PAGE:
It’s not really my first connection to photography. When I was studying in Japan I bought a camera. After I returned to the Netherlands, I took some photo courses and realized quite quickly that I was not really talented in taking pictures. But I had a very good teacher, who taught me how to look at the photography and to find out the differences between visual and spoken language. That really gave me a good foundation. Then joining the WPP, co-organizing the competition, starting to organize the exhibitions and assisting the jury process when at that time we had 60 to 70 thousands images being submitted… Well, I just loved being there! Seeing the whole process, how the photos were selected and eliminated and how the jury came to its conclusions. That was the best photographic training I could have.

Can you tell about some projects you have been collaborating with?

I worked on two books with one photographer Jeroen Toirkens. His first book is called Nomad and I think Jeroen Toirkens has been a really good example in building his own support base. What he did, he photographed the nomadic life in the North for 10 years, travelling around the world and shooting the parts of the project. At first he funded the project by grant, small assignments and some self-investment, but while he was working he started reaching out to people by talking, by giving lectures and making slideshow evenings. He even started a foundation called Nomads’ Life that gave small scholarships to Mongolian girls, so that they could go to school. Through that process he got in touch with a lot of people. Meanwhile, he sent newsletters keeping people updated about the project and that’s how he got a strong following. When the project was finished, he found a publisher, who said that they can do a book, but he would have to buy 500 books himself. Toirkens agreed on that, and by announcing it on his newsletter, he sold 350 copies in two months.

But what was your input in this project?

We collaborated on the edits for the both books. He has seen me working on another project and when he approached me, he said that he has all those pictures and now is making a book and asked if I could help him. He showed me the work and I loved it. For the first book, my input was not so much in sequencing photos, more talking to him, to understand what did he go out to search for and why, cause it is not just a collection of great photos. Together we were able to find the story he wanted to tell. Then to find the pictures that could transfer that message. Selection of photos was still hard, but relatively easier once we knew what the story he wants to tell. We did the same for a second book Solitude, which I think worked as good as a first one.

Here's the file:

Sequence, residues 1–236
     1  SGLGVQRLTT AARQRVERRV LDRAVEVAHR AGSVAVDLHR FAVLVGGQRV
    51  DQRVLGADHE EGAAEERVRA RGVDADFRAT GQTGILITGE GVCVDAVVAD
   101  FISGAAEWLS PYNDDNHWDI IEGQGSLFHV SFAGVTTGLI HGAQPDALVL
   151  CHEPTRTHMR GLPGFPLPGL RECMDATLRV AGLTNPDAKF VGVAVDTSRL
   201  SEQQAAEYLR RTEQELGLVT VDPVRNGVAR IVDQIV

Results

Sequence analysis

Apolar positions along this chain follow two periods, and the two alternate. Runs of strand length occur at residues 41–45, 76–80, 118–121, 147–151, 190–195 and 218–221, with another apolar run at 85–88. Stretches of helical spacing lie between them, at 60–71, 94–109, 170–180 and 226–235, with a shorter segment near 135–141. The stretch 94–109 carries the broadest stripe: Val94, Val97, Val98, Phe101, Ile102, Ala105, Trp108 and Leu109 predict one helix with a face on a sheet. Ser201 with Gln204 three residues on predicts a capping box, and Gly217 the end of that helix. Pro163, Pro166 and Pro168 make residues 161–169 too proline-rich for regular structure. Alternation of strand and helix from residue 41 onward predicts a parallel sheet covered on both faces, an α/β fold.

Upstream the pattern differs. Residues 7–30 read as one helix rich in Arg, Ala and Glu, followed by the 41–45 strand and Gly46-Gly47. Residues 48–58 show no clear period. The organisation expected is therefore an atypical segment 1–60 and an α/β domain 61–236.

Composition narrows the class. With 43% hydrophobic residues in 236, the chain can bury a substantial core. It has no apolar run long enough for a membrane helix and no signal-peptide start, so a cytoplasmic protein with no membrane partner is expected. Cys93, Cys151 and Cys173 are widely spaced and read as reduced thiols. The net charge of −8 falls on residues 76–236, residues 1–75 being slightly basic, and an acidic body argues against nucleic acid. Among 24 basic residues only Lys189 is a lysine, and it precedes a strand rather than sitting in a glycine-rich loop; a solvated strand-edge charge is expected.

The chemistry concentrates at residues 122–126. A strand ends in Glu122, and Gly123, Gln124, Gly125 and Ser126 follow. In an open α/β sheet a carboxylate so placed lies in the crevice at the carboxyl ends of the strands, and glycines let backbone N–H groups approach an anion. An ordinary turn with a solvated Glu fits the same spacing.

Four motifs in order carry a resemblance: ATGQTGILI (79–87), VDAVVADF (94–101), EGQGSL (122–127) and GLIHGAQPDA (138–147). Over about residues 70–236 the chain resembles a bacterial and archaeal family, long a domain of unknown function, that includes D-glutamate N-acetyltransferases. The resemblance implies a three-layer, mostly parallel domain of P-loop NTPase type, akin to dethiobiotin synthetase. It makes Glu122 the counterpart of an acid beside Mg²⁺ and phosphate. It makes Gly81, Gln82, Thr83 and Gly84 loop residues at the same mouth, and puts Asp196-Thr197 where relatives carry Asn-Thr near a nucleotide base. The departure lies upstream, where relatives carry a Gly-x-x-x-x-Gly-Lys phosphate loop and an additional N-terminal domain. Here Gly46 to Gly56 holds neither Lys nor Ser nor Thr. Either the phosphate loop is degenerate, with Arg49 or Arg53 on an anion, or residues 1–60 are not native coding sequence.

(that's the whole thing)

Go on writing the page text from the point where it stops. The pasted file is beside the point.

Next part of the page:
What do you think about self-publishing?

Nowadays everyone can connect to one’s own audience, as well to find one’s own group of supporters. That has never been possible before. With the internet and all the mobile technologies photographers are able to self-publish their work and find who would be interested in it and get it out there, sell it. The risk is that you self-publish 500 copies of a book without considering who would be interested in buying it and then you just get stuck with 495 books under your bed – and that’s a risk of self-publishing.

What would be your advice for young photographers?

I can’t really give any general advice as each case is very personal and different. But for me it is important that photographers know that photography has a history, a culture and that it has been around for at least 180 years. Photographers have to know what has happened before in order to move on. For me – just to collect moments like decisive moments is not really enough. I think the future of photography is to tell the story.